“When you know who you are, you’ll know what to do,” says Craig Groeschel . He not only states that as the theme in Altar Ego, he shows how such a statement can be lived in becoming who God says you are. Part of the challenge is laying down our own wrong self images and picking up God’s image, your “Altar Ego“. Yes, your ego may need to be altered, but that happens at God’s altar, not the world’s.
Craig in his usual humorous, transparent, conversational way lays out this tremendous gift of seeing who you are from God’s point of view, and taking up your new identity in Christ. Altar Ego is more than getting a good self-image, it is discovering your God-given Christ image of your life.
The book is laid in 3 parts:
1. Sacrificing Your False Self for Your Sacred Identity in Christ
This section featured my favorite chapter in the book — Chapter 2: You are God’s Masterpiece. Working from Ephesians 2, Craig says, “The way God made you is not by chance or accident. You are divinely inspired.” Your life is a work made by God through the gift of His Son Jesus.
Or this quote, “If you don’t know the purpose of your life, all you can do is misuse it.” God has a better plan, a greater purpose, that is found in God’s Word, in God’s presence, in the power of God’s spirit at work in one’s life.
2. Sacrificing Cultural Relativity for Eternal Values
Here Craig looks at living life with patience, integrity, honor and gratitude. Though I know the value of these 4 in living life, Craig painted a picture of how to take some next steps in my life to give greater honor, to lift up the value of gratitude. For example, I knew that honor means to consider something or someone valuable or “weighty” in your life. When Craig pointed out that we tend to dishonor when we treat someone as common in our life, that opened my eyes to moving from taking others for granted to rejoicing in the gift of grace God has given me in them.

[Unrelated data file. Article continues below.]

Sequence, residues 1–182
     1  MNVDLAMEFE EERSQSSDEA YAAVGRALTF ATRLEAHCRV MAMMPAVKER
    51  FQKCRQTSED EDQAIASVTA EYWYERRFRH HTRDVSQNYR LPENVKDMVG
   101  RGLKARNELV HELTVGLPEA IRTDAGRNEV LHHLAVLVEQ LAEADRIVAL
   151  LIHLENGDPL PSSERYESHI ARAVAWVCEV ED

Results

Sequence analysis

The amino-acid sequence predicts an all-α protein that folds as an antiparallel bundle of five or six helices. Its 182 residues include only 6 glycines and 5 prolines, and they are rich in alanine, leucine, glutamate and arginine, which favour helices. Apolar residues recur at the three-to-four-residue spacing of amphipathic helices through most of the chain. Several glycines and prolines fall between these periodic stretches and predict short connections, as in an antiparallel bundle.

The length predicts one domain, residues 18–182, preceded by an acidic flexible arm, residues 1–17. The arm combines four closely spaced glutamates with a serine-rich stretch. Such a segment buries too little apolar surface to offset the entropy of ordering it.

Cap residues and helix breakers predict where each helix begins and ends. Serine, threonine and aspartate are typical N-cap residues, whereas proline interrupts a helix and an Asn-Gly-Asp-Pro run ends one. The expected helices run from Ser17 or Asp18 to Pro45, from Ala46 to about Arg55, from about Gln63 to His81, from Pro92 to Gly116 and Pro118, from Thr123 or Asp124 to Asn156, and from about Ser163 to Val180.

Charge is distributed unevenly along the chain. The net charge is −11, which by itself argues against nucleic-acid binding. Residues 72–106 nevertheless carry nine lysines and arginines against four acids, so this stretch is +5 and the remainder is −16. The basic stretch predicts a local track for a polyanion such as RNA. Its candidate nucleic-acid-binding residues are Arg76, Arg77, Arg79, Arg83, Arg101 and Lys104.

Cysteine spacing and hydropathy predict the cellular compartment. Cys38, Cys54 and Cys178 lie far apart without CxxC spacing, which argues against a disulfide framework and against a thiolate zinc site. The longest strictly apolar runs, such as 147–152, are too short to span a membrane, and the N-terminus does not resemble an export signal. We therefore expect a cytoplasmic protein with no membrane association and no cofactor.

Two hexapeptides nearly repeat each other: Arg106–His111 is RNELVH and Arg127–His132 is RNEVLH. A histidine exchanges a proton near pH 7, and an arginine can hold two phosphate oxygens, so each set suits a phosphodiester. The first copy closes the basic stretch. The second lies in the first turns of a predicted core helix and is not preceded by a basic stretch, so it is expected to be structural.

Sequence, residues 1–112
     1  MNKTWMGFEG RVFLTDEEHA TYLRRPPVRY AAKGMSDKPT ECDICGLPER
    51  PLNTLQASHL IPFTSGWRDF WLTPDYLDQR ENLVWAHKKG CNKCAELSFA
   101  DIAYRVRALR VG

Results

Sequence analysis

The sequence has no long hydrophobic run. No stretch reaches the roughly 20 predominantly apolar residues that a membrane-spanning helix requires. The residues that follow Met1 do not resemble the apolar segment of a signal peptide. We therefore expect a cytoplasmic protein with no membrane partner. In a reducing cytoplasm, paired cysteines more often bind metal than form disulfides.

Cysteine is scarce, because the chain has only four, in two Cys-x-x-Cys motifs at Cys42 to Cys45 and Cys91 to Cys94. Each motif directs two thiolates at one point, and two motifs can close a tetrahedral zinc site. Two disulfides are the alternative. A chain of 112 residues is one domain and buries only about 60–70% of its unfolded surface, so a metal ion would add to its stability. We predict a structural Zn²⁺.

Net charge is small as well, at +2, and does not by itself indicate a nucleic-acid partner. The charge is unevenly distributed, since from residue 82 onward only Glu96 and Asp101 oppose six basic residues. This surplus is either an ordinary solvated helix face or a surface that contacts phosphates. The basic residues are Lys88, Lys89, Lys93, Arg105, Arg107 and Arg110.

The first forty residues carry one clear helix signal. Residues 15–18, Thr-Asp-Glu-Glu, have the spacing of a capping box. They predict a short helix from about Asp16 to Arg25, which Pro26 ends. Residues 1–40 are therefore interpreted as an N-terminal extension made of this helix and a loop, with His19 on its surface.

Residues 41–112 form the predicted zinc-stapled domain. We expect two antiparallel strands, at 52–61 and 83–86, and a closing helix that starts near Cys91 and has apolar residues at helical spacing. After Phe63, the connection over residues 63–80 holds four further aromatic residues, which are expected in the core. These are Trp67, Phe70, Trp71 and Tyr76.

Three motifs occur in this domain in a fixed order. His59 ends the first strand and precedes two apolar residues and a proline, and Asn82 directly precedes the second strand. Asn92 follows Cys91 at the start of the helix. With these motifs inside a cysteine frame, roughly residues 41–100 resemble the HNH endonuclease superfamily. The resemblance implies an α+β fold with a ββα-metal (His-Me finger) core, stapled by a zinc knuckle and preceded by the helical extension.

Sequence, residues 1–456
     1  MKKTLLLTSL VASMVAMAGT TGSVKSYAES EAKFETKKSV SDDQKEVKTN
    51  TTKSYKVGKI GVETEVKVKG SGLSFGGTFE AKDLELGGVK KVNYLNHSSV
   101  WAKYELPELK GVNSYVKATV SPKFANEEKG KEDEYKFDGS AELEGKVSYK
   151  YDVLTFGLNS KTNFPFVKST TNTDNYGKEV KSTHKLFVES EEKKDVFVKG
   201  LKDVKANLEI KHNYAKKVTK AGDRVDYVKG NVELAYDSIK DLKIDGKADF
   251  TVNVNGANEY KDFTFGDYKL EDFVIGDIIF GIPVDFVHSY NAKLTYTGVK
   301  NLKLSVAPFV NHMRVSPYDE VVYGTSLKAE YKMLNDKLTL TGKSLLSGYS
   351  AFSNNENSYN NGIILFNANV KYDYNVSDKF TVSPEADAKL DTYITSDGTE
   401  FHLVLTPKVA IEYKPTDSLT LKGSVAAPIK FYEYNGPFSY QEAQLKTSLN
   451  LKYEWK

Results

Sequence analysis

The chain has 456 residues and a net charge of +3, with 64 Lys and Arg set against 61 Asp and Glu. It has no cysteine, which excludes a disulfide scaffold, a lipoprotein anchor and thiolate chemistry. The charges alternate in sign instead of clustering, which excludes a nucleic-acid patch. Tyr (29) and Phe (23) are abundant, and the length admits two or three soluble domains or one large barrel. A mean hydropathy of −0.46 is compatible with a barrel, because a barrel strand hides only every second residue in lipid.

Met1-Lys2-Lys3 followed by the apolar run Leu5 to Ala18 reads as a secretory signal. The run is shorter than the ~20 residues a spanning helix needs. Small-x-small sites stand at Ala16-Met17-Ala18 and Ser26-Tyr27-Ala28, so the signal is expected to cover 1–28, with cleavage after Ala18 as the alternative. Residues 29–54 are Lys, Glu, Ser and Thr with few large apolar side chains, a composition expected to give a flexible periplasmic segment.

In the area of gratitude when Craig contrasted our cultural view of entitlement and how that leads to a lack of gratitude. I love when he wrote, “I’ve always found it interesting that people ask why bad things happen to them, but the rarely ask why good things happen to them.” That immediately moved me to take time to be grateful for God’s amazing grace and bountiful blessings in my life.
3. Sacrificing Self-Justification for Passionate Obedience
The key word in this section is BOLD! Bold Behavior! Bold Prayers! Bold Words! Bold Obedience! Craig challenged me to move out of my comfort zone into the life God has called me. The chapter on Bold Prayers led me to examine my own prayer life and to ask God for what only He can do. I realized how small my prayer requests had become and have started to see them stretch to what God desires to do.
As Craig says, “You want to make a big and bold difference in this world? Then pray big, bold prayers.”
I give Altar Ego 5 out of 5 stars. What a great read for not only taking a look inside one’s own soul, but even more catching a glimpse upward to God and who He can make you and me to be, and catching a vision outward of His transformational work in us and through us.
My thanks to Booksneeze.com and Zondervan for a free copy of Altar Ego to review. I wasn’t required to give a positive review, just an honest one. And honestly, this is a great read! If you want to read an opening sample and find out for yourself click here.